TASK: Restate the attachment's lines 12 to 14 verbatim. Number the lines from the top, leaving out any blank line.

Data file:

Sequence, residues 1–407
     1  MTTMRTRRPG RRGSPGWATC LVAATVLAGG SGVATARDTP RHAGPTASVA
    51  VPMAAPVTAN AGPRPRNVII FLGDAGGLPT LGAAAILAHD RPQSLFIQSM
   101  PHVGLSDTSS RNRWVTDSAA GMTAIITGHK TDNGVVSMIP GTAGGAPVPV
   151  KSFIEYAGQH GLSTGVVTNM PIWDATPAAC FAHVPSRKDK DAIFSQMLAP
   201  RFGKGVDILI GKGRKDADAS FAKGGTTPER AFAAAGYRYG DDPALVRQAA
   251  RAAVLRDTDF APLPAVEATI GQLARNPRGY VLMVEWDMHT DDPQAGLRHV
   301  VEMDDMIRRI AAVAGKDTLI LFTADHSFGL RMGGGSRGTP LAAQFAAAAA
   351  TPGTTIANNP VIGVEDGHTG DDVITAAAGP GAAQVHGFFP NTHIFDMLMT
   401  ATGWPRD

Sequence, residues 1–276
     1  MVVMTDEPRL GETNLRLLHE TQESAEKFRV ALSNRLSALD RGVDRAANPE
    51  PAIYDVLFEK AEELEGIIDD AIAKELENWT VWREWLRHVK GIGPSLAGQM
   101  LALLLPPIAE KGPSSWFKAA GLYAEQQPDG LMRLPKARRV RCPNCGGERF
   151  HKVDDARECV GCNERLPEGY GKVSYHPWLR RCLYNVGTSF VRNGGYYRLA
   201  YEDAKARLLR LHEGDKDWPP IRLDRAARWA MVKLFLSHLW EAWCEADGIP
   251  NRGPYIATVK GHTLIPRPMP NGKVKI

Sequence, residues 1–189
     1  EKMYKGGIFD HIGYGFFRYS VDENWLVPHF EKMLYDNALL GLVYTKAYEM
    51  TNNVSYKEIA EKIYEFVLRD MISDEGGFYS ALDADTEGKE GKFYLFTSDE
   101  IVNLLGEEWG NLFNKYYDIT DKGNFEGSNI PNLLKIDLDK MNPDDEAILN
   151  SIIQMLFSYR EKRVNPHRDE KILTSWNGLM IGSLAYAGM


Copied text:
     1  MVVMTDEPRL GETNLRLLHE TQESAEKFRV ALSNRLSALD RGVDRAANPE
    51  PAIYDVLFEK AEELEGIIDD AIAKELENWT VWREWLRHVK GIGPSLAGQM
   101  LALLLPPIAE KGPSSWFKAA GLYAEQQPDG LMRLPKARRV RCPNCGGERF